Here is the abstract you requested from the Thermal_2018 technical program page. This is the original abstract submitted by the author. Any changes to the technical content of the final manuscript published by IMAPS or the presentation that is given during the event is done by the author, not IMAPS.
|A Thermal Model Profiling Temperature of High Power Density ASIC Device Mounted on Multi-layered Diamond Enhanced Heat Spreader|
|Keywords: Heat spreader, CVD Diamond, Model|
|When comparing synthetic diamond against its ceramic counterparts, the former delivers benefits for a diverse range of industries and applications. This especially applies to thermal applications, where diamond thermal conductivity is far superior to other materials available on the market. Significant improvements to electronic systems can be realized by using CVD diamond heat spreaders. Integration is relatively straightforward, as CVD diamond can be a direct replacement for aluminum nitride (AlN), BeO, or other advanced ceramics. However in this presentation in a new approach, CVD diamond is combined with other heat spreaders and the results are modeled and presented. Using Comsol the effects of stack geometry, surface flatness, material thermal conductivity and solder uniformity is evaluated. Impact of changing diamond and other material thermal conductivity on an ASIC device heating is demonstrated and practical issues such as heat spreader flatness and uniformity of thermal interface thickness on device temperature is examined. Effect of hot spot size from 0.1 mm x 1.5 mm to 0.4 mm x 2.0 mm and channel numbers for 1 to 10 hot channels per die operating at 10 to 50 Watts (50% duty cycle) is evaluated. The model consists of a section where geometry and material properties of each component of the design are defined. This includes a silicon ASIC, a diamond heat spreader with a corresponding solder layer, a second diamond or other heat spreader and a corresponding solder layer and a final heat spreader layer with a final solder layer. Two additional sections for development of the mesh and the simulation section are created and visualised. The simulation section includes two simulation options with corresponding graphs. In the steady state simulation section, the power per channel of the ASIC is an input parameter entered by the user. The result of the simulation is presented in both 2D and 3D. For 3D, the computed temperature field in the whole geometry is shown, and in the 2D cross-section an XZ plane crossing the middle of the hot channels and an ASIC surface temperature that is crossing the middle of the hot channels showing the thermal crosstalk between the hot channels is simulated and presented. In the transient simulation section, the simulation accepts the peak power per channel and the frequency and duty cycle of the heating profile as input. By default only one period is simulated, but it is possible to use the model and simulate for additional periods. Simulation time is proportional to the number of simulated periods.|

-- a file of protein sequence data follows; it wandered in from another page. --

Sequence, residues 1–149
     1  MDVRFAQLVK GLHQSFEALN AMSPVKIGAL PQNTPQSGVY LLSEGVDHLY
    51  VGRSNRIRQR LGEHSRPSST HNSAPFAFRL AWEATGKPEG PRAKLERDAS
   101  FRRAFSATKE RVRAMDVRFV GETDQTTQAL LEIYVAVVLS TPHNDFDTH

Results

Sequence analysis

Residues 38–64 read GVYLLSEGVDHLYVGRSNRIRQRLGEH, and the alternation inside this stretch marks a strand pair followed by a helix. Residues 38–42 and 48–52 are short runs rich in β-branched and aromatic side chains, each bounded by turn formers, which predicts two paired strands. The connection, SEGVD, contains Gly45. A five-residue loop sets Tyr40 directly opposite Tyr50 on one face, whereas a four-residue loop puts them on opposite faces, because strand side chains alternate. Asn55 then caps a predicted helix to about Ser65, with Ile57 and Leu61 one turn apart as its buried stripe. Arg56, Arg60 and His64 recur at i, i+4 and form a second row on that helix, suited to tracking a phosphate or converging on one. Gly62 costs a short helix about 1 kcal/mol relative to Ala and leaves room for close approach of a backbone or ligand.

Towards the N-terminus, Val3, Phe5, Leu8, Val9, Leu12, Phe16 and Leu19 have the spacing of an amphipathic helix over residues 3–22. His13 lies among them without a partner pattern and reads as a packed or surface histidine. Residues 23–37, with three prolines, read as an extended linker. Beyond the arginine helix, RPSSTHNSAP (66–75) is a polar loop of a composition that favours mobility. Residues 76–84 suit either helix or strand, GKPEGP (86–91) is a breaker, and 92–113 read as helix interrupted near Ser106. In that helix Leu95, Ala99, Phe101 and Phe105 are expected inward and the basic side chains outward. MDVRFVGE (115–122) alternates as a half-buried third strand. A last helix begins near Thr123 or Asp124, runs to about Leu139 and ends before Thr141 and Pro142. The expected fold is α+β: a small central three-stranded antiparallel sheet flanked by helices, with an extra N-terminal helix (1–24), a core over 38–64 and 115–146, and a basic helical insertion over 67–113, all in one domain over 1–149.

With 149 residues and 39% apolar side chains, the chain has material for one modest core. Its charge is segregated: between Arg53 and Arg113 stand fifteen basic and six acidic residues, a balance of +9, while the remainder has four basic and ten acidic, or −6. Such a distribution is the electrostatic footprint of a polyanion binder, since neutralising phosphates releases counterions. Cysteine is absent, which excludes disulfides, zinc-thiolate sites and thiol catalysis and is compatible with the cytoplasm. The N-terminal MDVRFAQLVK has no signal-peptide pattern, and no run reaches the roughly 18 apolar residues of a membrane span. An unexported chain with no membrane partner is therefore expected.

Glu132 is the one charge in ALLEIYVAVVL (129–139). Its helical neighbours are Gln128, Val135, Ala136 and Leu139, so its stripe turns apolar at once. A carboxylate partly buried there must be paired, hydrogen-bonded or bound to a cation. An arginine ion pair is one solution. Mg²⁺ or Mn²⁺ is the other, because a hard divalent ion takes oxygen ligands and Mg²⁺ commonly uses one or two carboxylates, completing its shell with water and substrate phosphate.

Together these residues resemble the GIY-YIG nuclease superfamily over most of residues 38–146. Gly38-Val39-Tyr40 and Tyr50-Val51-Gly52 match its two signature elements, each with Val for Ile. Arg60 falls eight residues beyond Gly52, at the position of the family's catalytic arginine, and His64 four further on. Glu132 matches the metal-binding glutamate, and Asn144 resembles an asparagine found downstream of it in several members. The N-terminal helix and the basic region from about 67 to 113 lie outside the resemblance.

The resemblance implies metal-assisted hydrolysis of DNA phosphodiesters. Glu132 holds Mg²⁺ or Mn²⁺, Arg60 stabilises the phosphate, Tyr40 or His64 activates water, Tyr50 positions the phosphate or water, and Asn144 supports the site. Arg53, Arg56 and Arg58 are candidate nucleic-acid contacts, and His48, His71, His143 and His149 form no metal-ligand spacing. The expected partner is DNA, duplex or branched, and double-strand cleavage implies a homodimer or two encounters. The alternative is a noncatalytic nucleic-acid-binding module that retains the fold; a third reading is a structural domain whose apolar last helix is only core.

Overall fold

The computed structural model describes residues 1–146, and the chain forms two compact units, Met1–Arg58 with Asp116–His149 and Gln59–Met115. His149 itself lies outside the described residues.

|Firooz Faili, Head of CVD Thermal Products
Element Six Technologies, USA
Santa Clara, CA